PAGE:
thebigword has been awarded a contract by the UK Ministry of Defence (MoD) to provide interpreters for its Libyan Armed Forces training programme.
Awarded following a competitive tendering process, the contract requires the company to will provide up to 55 interpreters, who will work alongside UK and Libyan soldiers on everything from classroom learning to military exercises.
UK Army HQ Directorate of Educational Capability source major Graham Martin said: "The Libyan general purpose force training is a complex and high profile operation.
"It was therefore crucial that we found a professional organisation that fully understood the multifaceted nature of this contract, using highly professional linguists."
thebigword defence, justice and international security divisional director David Capper said: "We are delighted to be awarded the contract by the MoD and this is testament to the growing reputation that thebigword is building within the defence sector, delivering language and cultural training across the Middle East."
The company collaborated with the International School of Linguists to help ensure it found the right interpreters for the mission.
In addition, thebigword has hired a Libyan assessor to test proficiency in both Arabic and Libyan dialect, as well as the physical and mental ability to manage the high intensity work.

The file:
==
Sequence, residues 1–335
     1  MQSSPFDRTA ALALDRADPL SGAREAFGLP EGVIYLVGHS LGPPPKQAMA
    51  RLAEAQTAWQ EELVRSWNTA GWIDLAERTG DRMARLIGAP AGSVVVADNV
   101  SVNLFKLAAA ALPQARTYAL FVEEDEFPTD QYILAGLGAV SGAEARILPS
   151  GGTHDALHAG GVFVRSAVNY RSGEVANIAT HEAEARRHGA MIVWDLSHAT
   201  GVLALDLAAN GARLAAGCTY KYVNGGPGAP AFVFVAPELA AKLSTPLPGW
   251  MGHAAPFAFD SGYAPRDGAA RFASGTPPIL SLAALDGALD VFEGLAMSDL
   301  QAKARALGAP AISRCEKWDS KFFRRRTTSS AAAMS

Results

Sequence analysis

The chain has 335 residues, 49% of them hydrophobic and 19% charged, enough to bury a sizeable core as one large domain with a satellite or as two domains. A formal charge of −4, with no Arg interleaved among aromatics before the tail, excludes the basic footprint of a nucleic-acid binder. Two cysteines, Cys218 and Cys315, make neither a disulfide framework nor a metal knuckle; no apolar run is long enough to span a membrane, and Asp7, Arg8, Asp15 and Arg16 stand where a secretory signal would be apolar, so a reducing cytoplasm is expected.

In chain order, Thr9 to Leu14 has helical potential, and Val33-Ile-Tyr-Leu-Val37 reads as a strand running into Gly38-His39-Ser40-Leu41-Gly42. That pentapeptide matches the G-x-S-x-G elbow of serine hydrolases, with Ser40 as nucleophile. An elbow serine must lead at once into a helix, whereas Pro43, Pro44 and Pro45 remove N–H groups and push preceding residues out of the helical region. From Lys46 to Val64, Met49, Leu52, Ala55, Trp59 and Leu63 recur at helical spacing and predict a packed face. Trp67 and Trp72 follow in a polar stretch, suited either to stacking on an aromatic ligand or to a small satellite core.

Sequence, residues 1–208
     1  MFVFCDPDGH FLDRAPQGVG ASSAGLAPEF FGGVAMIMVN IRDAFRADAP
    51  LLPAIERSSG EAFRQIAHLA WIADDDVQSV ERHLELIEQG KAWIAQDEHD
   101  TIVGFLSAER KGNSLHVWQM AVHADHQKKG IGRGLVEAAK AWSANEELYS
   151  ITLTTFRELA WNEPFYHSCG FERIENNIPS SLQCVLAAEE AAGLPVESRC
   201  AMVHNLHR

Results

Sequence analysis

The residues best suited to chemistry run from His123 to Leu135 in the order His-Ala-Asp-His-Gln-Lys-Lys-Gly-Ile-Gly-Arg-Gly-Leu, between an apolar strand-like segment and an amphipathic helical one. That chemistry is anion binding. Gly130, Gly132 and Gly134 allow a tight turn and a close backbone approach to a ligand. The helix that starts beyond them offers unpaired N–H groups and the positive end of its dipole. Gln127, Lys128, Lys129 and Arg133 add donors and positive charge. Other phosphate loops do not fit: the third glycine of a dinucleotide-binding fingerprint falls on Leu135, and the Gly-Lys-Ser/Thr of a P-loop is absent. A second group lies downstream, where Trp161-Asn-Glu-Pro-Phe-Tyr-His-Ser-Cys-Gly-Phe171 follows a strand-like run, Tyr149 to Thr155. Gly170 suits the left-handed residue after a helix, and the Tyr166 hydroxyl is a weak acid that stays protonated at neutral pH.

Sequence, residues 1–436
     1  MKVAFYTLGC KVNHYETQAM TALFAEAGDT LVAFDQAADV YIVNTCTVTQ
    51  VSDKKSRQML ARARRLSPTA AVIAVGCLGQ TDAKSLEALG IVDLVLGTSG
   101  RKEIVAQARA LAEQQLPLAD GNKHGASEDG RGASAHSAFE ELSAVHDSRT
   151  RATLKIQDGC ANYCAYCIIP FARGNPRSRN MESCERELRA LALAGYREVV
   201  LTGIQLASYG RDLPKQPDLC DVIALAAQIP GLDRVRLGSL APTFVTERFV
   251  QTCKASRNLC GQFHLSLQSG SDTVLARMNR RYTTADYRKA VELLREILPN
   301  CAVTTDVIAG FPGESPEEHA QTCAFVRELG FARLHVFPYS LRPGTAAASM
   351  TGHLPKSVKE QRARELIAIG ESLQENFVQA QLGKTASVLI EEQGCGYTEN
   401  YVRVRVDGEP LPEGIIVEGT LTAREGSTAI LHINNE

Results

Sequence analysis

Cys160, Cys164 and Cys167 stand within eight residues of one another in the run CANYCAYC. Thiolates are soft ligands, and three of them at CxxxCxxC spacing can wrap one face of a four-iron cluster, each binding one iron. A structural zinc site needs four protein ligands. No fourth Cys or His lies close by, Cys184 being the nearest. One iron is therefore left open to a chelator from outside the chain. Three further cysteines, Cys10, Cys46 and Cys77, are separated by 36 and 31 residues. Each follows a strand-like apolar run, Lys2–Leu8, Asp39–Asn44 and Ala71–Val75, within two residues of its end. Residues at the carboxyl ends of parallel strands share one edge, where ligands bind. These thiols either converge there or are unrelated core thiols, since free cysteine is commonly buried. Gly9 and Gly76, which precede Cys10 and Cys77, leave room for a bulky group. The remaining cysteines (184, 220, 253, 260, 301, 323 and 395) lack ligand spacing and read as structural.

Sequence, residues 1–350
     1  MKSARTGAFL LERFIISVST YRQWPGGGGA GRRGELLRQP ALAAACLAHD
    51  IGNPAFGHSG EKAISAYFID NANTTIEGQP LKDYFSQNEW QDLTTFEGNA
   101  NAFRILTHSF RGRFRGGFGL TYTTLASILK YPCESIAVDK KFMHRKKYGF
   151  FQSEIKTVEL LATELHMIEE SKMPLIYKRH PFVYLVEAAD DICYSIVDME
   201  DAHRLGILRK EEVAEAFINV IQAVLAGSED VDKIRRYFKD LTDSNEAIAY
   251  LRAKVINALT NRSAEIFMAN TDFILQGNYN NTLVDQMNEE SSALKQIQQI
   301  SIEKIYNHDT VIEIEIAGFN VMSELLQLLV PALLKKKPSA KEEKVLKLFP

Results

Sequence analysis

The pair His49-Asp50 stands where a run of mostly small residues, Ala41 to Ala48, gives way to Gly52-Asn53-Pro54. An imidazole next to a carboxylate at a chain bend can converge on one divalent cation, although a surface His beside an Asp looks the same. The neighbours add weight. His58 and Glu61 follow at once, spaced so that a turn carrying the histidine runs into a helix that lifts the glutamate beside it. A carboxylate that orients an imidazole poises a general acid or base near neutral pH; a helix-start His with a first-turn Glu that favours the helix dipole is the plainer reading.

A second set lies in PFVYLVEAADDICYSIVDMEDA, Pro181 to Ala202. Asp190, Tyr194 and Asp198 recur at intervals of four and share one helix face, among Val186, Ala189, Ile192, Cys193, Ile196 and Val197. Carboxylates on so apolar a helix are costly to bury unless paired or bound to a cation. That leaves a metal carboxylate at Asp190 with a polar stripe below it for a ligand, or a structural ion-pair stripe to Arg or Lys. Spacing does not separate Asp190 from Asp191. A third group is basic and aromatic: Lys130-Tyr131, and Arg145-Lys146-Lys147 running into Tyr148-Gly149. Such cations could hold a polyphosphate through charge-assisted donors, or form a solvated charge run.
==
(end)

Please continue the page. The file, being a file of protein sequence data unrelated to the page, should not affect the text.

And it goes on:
In July 2013, the MoD agreed to train up to 2,000 Libyan soldiers in basic infantry skills and leadership in a bid to professionalise them and help achieve peace and stability across their country.
The initial batch will comprise 360 Libyan soldiers and is expected to run for 24 weeks at the Bassingbourn Barracks in Cambridgeshire, UK.
During training, the Libyan troops would be put through their paces on a course that has been developed by the UK Army and is run by 3rd Battalion the Royal Regiment of Scotland.
The US and Italian militaries are already providing specialist military training to the Libyan Armed Forces.
Image: UK soldiers training on an assault course. Photo: courtesy of Peter Davies, Crown copyright ©.